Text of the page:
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,,Черна ръка над Европа" Анри Пози за страданията на хърватите под сръбска власт

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Както се оказва, популярният френски журналист е написал и книга за Хърватия в Кралство Югославия, в която ясно е показано тежкото положение на хърватския етнос в тази изкуствена държава.


by Henri Pozzi

I. The Peril
II.The opinion of a Chief
III.What the man-in-the-streets thinks


War is coming again to Europe! The storm will come from the Balkans - that historic tinder box of the world

which has now been made even more inflammable by the incorporation into Serbia of Croatian, Macedonian, Hungarian, Slovakian and Dalmatian* territories, under the name of Yugoslavia. (* Dalmatia was an autonomous Croatian region under Austrian administrative rule within the Habsburg Monarchy. For this reason, the author mentions Dalmatia as separate from Croatia)

I have made many friends in Serbia, but since July and December 1923 I have been unable to hide even from them my fears of a coming conflagration.

Yugoslavia was born out of the chaos of the Great War in a flurry of acclaim, but alas, none of the aspirations and ambitions for which Serbia went to war are likely to be realised: she is slipping irresistibly towards an unknown abyss, and we French are bound to her by bands of steel.

Even going back ten years it was easy to see something gripping Yugoslavia by the throat. But in the years since then the grip has been tightened, and tightened in my opinion by the dictatorship established by King Alexander Karageorgevitch. This dictatorship, however much it may claim a temporary success, must inevitably have the effect of poisoning all the Yugoslav organism. Whether the poisoning is incurable or not is the question for which I have sought an answer during two months in Yugoslavia, Bulgaria and central Europe.

Belgrade says: "The difficulties through which we are passing are nothing more than a simple growing pain. They will disappear of their own accord when we have suppressed their causes, that is to say, finished the material and moral unification of our country and definitely reduced our internal and external adversaries to a state of impotence".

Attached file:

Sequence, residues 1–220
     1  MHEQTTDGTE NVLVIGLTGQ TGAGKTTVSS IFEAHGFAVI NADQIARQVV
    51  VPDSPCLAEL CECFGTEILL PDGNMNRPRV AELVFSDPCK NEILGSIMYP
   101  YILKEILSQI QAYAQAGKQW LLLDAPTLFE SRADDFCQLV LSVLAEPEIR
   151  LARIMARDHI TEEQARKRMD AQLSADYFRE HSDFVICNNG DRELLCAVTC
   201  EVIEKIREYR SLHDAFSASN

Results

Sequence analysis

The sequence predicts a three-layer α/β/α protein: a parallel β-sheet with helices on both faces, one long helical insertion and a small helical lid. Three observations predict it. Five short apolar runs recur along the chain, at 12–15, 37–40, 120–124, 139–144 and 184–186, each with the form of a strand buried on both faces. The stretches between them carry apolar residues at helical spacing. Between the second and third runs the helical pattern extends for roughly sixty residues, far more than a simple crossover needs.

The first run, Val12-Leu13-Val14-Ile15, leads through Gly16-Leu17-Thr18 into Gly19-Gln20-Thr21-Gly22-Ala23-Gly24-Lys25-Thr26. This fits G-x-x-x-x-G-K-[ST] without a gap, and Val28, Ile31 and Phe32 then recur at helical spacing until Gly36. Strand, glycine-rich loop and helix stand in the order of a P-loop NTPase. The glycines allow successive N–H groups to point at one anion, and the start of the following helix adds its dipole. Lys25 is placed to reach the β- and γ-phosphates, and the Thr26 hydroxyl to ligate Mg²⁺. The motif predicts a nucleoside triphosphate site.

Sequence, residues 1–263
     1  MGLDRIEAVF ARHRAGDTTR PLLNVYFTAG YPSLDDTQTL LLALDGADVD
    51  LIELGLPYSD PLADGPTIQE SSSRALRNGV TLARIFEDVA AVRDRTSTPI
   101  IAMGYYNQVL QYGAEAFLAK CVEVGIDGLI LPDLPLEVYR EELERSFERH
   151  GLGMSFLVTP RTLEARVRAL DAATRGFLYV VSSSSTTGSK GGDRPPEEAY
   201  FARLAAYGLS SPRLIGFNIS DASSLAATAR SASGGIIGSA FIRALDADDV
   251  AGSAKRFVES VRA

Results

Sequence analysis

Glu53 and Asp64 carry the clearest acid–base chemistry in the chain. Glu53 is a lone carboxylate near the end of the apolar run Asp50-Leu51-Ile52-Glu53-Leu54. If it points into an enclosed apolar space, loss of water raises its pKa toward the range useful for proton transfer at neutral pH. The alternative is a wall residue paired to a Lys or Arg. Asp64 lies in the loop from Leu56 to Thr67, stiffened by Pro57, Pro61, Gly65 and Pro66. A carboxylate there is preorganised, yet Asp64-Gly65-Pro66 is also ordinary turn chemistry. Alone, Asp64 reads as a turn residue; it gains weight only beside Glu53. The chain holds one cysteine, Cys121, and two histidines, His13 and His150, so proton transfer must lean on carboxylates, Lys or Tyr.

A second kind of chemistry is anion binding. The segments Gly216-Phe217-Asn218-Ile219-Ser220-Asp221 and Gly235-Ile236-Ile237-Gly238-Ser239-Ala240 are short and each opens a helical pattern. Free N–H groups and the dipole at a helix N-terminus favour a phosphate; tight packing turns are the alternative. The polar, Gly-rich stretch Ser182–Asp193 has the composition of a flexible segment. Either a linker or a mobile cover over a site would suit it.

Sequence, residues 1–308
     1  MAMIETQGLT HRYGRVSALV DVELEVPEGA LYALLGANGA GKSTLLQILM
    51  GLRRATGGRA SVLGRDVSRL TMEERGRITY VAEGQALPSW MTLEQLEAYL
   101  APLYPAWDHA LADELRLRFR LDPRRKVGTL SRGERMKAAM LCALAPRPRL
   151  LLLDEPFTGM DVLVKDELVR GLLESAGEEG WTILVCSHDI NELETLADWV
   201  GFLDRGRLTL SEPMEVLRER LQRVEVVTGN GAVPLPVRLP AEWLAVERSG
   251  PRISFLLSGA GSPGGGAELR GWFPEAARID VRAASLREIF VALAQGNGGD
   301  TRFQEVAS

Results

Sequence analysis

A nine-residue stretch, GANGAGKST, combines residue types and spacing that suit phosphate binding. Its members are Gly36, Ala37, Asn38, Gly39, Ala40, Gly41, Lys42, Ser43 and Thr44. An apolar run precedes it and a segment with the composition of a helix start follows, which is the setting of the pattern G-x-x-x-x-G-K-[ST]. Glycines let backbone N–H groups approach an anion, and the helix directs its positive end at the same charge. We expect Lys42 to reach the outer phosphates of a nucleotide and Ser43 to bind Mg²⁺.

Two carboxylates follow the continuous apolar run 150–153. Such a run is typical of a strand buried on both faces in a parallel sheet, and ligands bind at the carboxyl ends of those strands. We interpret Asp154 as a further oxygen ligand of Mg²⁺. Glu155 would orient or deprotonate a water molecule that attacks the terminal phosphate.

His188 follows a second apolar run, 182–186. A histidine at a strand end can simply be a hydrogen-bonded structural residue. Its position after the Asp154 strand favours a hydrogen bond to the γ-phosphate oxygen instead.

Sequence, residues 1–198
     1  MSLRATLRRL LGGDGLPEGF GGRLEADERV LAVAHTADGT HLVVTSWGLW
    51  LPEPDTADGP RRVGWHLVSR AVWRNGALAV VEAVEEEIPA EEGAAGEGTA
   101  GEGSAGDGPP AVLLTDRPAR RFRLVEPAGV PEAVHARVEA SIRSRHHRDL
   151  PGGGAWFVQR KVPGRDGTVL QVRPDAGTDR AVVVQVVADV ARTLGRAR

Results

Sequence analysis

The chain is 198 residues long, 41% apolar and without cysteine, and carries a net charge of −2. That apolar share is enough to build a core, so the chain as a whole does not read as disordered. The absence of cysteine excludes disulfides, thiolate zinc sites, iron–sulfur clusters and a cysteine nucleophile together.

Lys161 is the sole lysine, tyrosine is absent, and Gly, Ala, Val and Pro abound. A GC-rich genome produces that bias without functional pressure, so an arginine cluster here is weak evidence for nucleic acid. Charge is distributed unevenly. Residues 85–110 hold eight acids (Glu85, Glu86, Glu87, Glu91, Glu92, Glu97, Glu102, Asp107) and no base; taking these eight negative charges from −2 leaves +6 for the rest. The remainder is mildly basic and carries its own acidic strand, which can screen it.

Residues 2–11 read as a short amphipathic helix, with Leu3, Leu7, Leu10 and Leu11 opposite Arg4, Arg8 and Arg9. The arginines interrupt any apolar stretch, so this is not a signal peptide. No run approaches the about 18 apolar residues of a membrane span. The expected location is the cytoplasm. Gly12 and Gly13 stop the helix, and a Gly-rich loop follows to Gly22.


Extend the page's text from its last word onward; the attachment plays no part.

Opponents of the dictatorship say: "There is no remedy: those who have seized power in Yugoslavia to-day, and who maintain that power by inhuman violence are leading her, and Europe with her, to a bloody catastrophe".

Between the men who proclaim these two points of view lies a gulf that every day widens, and all the men in Europe who are in touch with affairs know it. The man in the street does not know, for the Press is kept out of the inner circles.

Oh, yes! The Press has made "special investigations" of Yugoslav conditions; but what have they amounted to? What "special representative" has drawn attention to the occupation of one half of Yugoslavia by troops and police recruited from the other half; troops that are not even able to speak the language of their "compatriots" in the occupied zones?

In what European newspaper has it been stated that in all the cities of Croatia (even at Zagreb, the seat of the government in Croatia) all the Croat-owned coffee-houses had to be closed to the troops because of the terrible fights that continually broke out between the Croats and the Serbs?

Not one!

And yet, if Europe only knew, its every corner is tied up with the financial and political unity of Yugoslavia.

I know that I am in danger of being accused of exaggeration by those few special correspondents who have passed an agreeable day or two in the company of Serbian local government agents; who have been taken among the middle-aged women and gigolos at Sarajevo or across the aged stone of a Dalmatian quay?

How I should like to believe that they are right!

But the peril towards which Europe is heading by way of Yugoslavia is a mortal peril. Everything that strikes or menaces Yugoslavia strikes or menaces France; because militarily and politically since 1918 France's destiny has been bound to that of Belgrade.